1/2 Kg of tart apples
Sugar

Wash the apples and cut them into small pieces including the cores and peel. Put the apples pieces into a saucepan with the water and most of the mint and cook gently until the apples are very soft. Allow to cool before pouring into a jelly bag and leaving overnight to strain into a bowl.

The following day measure your juice, pour into a pan and add 225g of sugar to each 280ml of juice. Heat gently and stir until all the sugar has dissolved. Then bring to the boil and add about 1 teaspoon of chopped mint for every 280ml of juice. Boil rapidly until the jelly sets when tested and pour into a pre-sterilized jar and seal. Once completely cooled store in the fridge and use within three weeks.

Saturday, 7 January 2012

Candied watermelon rind recipe

This recipe takes some time but is well worth the effort and makes about two to three cups of candied watermelon rind, depending on the size of watermelon used. All you need is:

1 small watermelon washed
1 Tbs salt
2 Cups granulated sugar, plus more for coating
2 Cups water, plus more for cooking
2-3 sprigs fresh mint leaves

Cut the watermelon into 4 to 6 slices and remove the flesh to enjoy later.

Take each slice and scrape as much flesh away from the white as possible and peel away the green outer skin. You’ll be left with the white part of the rind which you should cut into chunks.

Place all the rind chunks into a saucepan and cover with water. Bring to a boil and boil for 5-8 minutes. Drain and rinse the rinds.

Clean the saucepan and place the rinds back into the pan with enough water to cover adding 1 tablespoon of salt. Bring to a boil, simmer for 10 minutes and then drain and rinse.

Clean the saucepan again, dissolve two cups of sugar in two cups of water and stir constantly until it comes to a boil. Reduce to a simmer and add the mint.  Add the rinds and simmer for 45 minutes to an hour (or until the rind is softened but still firm). Drain the rinds from the syrup, reserving the syrup for other uses if you wish.

Line a baking sheet and sprinkle with sugar. Scatter the drained rinds across the sugar and turn the rinds to distribute the sugar evenly. Place in a pre-warmed oven at  250 degree and allow to dry for about two hours but stir occasionally until the rinds are slightly tacky on the outside but still hold their shape. Remove from the oven and allow to cool partly before rolling  in sugar to coat the chunks thoroughly.  Store in a jar of sugar syrup and enjoy (they probably won't last very long).

Thursday, 5 January 2012

Make your own orange peel oil cleaner

We try to make as many of our own household cleaners as we can. This one is easy to make and can be used for all sorts of cleaning jobs. Not only is it great at removing grease but has the added advantage of leaving behind a lovely scent. By making your own cleaners not only will you save money but you will cut down your exposure to chemicals.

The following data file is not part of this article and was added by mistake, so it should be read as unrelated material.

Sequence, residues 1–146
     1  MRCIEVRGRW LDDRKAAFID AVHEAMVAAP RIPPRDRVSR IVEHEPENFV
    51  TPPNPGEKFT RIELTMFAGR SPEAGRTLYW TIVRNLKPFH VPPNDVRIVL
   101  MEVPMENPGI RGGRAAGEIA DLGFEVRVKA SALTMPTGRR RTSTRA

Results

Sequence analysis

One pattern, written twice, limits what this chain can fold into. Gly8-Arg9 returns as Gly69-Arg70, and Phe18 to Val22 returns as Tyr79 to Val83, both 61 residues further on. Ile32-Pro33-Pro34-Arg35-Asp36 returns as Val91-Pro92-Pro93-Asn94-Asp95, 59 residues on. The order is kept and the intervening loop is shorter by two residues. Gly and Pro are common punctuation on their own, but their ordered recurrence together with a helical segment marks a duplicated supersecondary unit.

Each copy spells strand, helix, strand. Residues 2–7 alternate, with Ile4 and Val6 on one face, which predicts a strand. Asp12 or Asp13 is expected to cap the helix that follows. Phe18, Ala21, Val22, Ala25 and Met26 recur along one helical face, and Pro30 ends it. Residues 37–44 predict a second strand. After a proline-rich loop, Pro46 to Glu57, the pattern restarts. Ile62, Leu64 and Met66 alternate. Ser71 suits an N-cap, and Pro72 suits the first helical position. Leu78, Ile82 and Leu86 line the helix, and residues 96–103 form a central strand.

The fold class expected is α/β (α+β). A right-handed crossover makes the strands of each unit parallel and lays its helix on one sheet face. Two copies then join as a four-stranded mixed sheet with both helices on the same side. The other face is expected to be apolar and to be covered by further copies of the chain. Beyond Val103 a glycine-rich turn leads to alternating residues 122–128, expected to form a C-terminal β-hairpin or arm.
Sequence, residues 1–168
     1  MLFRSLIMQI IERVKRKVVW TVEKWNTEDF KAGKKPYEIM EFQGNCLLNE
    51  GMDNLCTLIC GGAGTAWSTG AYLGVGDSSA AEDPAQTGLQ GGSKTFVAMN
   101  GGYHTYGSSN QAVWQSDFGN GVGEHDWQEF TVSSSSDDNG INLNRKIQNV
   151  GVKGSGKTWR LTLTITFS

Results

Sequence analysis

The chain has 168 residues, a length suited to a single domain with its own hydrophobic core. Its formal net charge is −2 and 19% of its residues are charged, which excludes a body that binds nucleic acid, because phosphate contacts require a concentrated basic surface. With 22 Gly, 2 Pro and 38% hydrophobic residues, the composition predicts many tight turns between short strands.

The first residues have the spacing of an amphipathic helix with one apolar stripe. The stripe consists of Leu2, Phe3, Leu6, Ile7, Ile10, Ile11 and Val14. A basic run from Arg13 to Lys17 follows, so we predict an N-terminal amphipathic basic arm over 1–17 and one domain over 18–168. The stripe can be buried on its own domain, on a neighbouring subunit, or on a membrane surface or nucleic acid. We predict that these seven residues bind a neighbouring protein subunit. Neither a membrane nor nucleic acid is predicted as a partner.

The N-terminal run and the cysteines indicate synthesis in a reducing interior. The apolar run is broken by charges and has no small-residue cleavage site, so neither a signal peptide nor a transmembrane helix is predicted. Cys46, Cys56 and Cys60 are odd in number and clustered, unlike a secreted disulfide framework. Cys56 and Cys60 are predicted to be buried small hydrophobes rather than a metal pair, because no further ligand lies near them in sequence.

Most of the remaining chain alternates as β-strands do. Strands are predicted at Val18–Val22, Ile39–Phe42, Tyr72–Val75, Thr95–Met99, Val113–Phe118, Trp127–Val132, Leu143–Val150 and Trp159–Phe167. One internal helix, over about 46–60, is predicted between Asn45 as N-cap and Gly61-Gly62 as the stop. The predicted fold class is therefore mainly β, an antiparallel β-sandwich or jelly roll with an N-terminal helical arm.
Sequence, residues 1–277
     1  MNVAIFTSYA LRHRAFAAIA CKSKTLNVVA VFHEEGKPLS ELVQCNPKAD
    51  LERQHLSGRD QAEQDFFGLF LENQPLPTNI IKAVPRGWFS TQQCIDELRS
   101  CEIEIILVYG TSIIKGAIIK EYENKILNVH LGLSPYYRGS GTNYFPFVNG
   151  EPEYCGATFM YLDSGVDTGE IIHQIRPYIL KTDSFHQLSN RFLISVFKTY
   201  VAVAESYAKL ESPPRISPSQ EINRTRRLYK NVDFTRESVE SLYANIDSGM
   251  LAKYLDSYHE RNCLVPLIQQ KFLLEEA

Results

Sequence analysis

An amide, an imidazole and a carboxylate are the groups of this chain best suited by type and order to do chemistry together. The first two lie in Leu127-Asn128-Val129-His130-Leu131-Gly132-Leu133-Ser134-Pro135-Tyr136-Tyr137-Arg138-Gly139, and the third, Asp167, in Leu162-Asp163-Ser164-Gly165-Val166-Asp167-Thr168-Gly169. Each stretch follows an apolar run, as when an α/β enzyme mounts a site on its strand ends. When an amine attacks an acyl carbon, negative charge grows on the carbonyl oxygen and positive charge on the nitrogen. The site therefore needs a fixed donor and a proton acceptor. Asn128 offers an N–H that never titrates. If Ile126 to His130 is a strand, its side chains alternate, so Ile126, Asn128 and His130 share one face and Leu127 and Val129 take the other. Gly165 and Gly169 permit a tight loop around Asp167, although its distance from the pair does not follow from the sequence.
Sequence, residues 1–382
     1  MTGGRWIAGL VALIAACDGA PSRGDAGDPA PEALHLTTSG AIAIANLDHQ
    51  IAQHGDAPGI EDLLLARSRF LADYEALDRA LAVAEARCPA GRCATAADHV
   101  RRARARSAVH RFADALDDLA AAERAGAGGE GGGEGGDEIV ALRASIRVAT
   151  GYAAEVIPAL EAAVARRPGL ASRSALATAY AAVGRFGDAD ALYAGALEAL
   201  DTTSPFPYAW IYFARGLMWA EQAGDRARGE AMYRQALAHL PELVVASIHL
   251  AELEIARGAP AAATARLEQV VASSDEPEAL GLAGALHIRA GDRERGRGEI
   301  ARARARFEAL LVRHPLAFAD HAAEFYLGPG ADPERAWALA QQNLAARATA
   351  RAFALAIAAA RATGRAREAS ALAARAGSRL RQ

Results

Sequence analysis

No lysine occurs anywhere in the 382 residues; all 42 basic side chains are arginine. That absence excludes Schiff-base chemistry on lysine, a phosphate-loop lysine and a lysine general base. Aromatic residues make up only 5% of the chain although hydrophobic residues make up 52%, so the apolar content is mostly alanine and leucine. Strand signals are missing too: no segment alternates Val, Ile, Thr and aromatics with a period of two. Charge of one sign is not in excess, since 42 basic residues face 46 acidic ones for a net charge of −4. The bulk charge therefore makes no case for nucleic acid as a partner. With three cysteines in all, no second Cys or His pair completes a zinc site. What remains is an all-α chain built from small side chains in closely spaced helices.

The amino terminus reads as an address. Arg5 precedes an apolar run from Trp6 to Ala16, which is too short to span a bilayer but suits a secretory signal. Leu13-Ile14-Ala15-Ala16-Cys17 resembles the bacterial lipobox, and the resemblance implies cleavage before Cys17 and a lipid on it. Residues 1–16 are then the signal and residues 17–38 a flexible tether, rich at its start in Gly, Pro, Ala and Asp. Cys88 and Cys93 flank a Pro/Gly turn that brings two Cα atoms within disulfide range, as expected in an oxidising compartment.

All you need to make this cleaner is orange peel and white vinegar. Keep your orange peels in a jar until the jar is full and then fill the jar with white vinegar. Seal the jar and allow the mixture to sit for 2-3 weeks in a cool dark place Once a week give the jar a few hard shakes to thoroughly mix the contents.

After 2-3 weeks, filter out the liquid into a clean jar. You can now use your cleaner by filling a spray bottle to about 25%-50% (depending on the strength required) and then filling with water. Use with a rag to clean mirrors, wooden furniture, worktops, sinks and windows.

Tuesday, 3 January 2012

Make your own organic weedkiller

Lemon juice and vinegar both contain acetic acid which can be used to make a very effective organic homemade weed killer.

While most table vinegar's have an acid content of around 5% to 8%, a more concentrated solution of 10% to 15% can be achieved simply by exposing vinegar to the air and allowing it's water content to reduce by evaporation and so increase it's acidity level. The higher the acidity level the more effective your solution will be at killing weeds.

At the right strength this organic weed killer will kill the leaves of any plant it comes into contact with but will not kill its roots, so it's best used on young weeds which will not have enough energy to re-emerge. Repeated spraying can destroy any more established weeds.

You can make your own organic weedkiller by mixing 150 mls of lemon juice and 1 liter of strong vinegar.

Use your mixture to directly spray weeds and the most effective time to do so is during the heat of the day.

Sunday, 1 January 2012

Gardening in Cyprus - Jobs for January

January is the coldest of the Cypriot months with temperatures averaging between 13c to17c. The days can still be warmish at lunchtime but become very chilly as the sun sets. The month is also on average the wettest month with an average of eight days of rain.

There are plenty of jobs to keep you busy during January. It's the month when the major garden cutback and clean up can take place, with the pruning of flowering shrubs and fruiting trees (if required) such as almonds, olives, apples, plums, citrus trees and figs.

The vegetable plot is now producing rocket, spring onions and garlic whose stems can be chopped and added to salads, parsley and radishes. The peas, broad beans, onions, leeks, garlic cauliflowers, cabbages, spinach, carrots, beetroot for early spring harvests are all developing well.

Late in the month it will be the time to dig holes in the beds intended for growing marrows and melons and fill them with a mix of well rotted manure and compost. They will be sown with seeds under plastic or planted with propagator raised plants later in the Spring.

If the conditions are right you can sow beetroot, mustard greens, pak choi, carrot, parsley and salad leaves.

You can start seeds like okra, borage, cayenne pepper and tomatoes in the propagator.

Happy gardening and harvesting for the month and if you require any further information go to www.cyprusgardener.co,uk or http://cyprusgardener.blogspot.com/